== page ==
Trick or treat.
Kelly and I stood in the narrow hallway of her apartment, sandwiched together between the dresser and the bathroom door.
"Close your eyes and hold out your wrist!"
I obediently complied.
"AHA!" she said, as I felt what would turn out to be a tiger-striped plastic slap bracelet wrap itself around me.
We stood there shrieking, high on the fumes of my fresh arrival after many years apart.
Kelly is the kind of nuts I unflinchingly trust. She is impeccably stylish, level headed, au courant, musically gifted, and worldly. She is also unable to control her volume in public, proudly displays an alarming number of cat magnets and overall obsession with cats despite not owning one (see: slap bracelet), has a completely unhinged laugh, and likes to make announcements by sliding Risky Business-style into the room.
I met her at an office job years ago when we were at opposite ends of our mid-twenties. I gave her unsolicited advice about work, some of which was apparently true and useful. I wish I could remember what it was.
I knew her when we were both at the bottom of the totem pole, and now, six years later, we had both clawed our way to the middle of careers that left us no more certain about our futures or fortunes.
Now I was crashing at her bright little apartment in Berkeley, just a 15-minute walk from the Rose Garden and even closer to the cute Mediterranean restaurant where we saw each other for the first time in years.
The bee's knees.
It smelled like lemons!
"You have a Franklin Covey day planner. God, I really have no idea who you are," I observed as soon as we sat down.
Once I got past my initial shock over Sir Plans-a-Lot, we quickly settled into a comfortable Odd Couple-ish living arrangement, in that we were a couple of odd women coming and going as we pleased and losing our minds over gin rummy upsets at the laundromat.
With Halloween just a few days away, we went into overdrive making costume and party plans.
For years, I avoided wearing Halloween costumes and going to parties because a) I couldn't bring myself witness in real life the pathology that is the "sexy costume" and b) my plans for costuming went from zero to crazy in a matter of seconds and I would exhaust my mind into giving up before I even got started. ("How am I going to make 10' articulated wings in just one month?!")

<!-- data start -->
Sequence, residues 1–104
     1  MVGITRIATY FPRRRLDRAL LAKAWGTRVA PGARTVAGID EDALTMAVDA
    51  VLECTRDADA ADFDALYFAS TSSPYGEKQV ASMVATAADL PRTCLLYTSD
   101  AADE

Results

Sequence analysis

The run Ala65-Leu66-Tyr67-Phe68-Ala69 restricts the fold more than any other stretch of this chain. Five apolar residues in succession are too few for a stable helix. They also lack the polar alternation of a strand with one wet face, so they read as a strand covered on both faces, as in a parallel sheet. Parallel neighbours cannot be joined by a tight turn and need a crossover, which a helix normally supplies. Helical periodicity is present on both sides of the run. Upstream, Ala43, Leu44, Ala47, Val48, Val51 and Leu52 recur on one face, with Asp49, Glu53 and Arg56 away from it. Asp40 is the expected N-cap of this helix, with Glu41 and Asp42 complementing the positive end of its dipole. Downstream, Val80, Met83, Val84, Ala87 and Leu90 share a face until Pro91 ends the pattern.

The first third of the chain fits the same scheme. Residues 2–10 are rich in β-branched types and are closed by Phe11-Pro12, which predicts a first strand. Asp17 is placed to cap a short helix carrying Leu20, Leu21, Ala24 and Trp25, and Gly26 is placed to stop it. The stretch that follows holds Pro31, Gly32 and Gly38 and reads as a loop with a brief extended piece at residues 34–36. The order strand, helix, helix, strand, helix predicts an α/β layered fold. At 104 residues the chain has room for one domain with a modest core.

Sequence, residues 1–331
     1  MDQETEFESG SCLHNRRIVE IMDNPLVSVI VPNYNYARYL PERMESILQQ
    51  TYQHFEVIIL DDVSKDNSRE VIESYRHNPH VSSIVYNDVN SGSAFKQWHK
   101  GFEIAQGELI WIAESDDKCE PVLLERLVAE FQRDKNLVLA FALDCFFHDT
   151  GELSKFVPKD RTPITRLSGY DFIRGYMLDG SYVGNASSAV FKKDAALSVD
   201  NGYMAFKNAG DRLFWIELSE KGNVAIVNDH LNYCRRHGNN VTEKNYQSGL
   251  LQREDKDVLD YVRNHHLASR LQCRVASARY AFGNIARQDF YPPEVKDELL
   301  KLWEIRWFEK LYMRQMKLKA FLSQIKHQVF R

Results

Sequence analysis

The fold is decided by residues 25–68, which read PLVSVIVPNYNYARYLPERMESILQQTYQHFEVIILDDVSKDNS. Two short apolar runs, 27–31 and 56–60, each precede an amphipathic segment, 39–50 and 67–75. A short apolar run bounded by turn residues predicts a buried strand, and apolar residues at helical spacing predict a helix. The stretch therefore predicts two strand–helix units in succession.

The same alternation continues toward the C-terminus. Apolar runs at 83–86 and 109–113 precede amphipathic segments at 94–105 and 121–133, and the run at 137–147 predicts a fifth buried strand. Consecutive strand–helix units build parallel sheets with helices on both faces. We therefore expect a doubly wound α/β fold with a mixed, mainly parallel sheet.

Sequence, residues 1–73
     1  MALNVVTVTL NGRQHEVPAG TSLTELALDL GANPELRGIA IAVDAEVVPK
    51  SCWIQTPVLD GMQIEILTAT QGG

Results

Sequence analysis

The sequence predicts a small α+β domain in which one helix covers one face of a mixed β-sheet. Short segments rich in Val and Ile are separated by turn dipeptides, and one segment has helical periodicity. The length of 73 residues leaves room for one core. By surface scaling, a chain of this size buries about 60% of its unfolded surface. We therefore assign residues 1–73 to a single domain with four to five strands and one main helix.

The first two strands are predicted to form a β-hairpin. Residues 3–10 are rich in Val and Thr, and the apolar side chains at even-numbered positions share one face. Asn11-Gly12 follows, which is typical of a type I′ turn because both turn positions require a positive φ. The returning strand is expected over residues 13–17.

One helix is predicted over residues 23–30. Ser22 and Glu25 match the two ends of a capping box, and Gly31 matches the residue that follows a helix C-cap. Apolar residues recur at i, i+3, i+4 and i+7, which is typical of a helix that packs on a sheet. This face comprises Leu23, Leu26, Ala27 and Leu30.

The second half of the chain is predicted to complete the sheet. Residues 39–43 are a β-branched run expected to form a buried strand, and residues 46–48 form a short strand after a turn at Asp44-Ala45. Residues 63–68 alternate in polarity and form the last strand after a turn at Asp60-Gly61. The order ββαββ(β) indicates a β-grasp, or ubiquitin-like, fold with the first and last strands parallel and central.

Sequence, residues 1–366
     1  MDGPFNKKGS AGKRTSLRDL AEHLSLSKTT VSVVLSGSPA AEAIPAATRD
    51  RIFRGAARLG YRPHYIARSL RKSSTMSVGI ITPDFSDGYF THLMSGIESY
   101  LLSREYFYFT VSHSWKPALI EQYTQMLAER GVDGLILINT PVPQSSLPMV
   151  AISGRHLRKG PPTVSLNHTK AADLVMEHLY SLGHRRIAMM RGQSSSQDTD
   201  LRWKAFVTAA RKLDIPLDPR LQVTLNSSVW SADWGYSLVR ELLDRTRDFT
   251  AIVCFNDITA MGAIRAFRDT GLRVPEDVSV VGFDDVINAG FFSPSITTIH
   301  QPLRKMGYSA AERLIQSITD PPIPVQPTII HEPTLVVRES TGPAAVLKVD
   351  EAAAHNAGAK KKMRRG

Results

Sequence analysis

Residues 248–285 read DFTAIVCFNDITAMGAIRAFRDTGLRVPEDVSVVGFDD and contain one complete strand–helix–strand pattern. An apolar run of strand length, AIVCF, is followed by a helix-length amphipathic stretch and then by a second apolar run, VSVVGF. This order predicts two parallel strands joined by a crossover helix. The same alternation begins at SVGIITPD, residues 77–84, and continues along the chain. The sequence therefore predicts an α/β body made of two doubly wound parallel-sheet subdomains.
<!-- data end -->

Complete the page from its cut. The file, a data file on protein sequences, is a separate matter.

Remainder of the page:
Eventually, I learned how to split the difference and came up with some clever costumes that entertained people, weren't an attempt to allure the male gaze, and required just enough elbow grease to please me but also let me remain gainfully employed.
In Halloweens of yore, I'd gone as Zombie Dearest ("Nnnnoo mmmore wirrre hangerrrrssss..."), a Desperate Housecat, a peacock, and a flamingo -- until people started asking about my "bird thing" and I realized I had to switch gears.
This was the year to depart the aviary and branch out. All I had at my disposal was a picked-over thrift store and several hours to figure something out.
Kelly was already squared away for a costume. Of the many quirks Kelly possesses, my favorite is her diligent attachment to her gorilla costume, an amalgam of ape-suit pieces passed on to her by the various loved ones in her life.
It is absolutely grotesque and she wears it every year with pride and fervor.
I needed to bring it on. We were invited to a party in Santa Rosa, and Kelly was anticipating something over-the-top -- just my speed.
Rifling through the racks of clothes at the shop, I found the perfect thing: a turquoise satin dress that screamed "jilted 80's prom date." So that's what I went as.
"So this party is going to be pretty big, huh?" I asked, coating my eye lids in blue shadow and pulling my hair into a side ponytail.
"Oh yeah. They sent paper invites." This was apparently an indicator of an ability and determination to party down.
After practicing my lines in an overwrought Valley Girl voice ("Have you seen Brad?" "Where the hell is Brad?") we grabbed her gorilla head and began our sojourn to Santa Rosa.
"We're going to a Halloween party!" I unnecessarily explained to the toll booth operator. After we listened to "Hot Line Bling" three times in both English and Spanish (the Spanish version is far superior) we decided to make an ultimate prom playlist.
At this time, I invite you to imagine two women, one in a hideous prom dress and the other in a rancid gorilla suit, cruising along I-80 with the California air fluttering our hair and fur, looking wistfully into the distance and mesmerized into pensive silence by 10cc's "I'm Not in Love."
The party was ... not. There were enough people there to play a board game. So we did.
"Shall we head out soon?" I asked, injecting a blood-red Jell-o shot via plastic syringe into my sparkling-pink mouth.
"Yes, but first take a picture of me with this corgi puppy," Kelly said.
His name was of Scandinavian origin -- Thor or Odin or something similar. He was the hit of the party, and took to Kelly in part, I think, because of her gruesome hirsuteness.
Things that go bump in the night.
We beat the witching hour home by a good stretch and could hear the kids playing drinking games outside of their student housing -- one of the implications of living so close to the UC-Berkeley campus.
Oh god, I just called them kids, I thought.
They were closer in age to the teen-aged character I played than the woman I actually was. I was only ten years older than them, but I never knew that careless life.
When I left Berkeley a few days later, I left behind my black hat which looked better on Kelly than it did on me, a box on the sidewalk containing an abused prom dress with a tacky gold purse and matching shoes, and any notion that life in the bingeing bubble of collegial mayhem was worth living.
Though those were damn good Jell-o shots.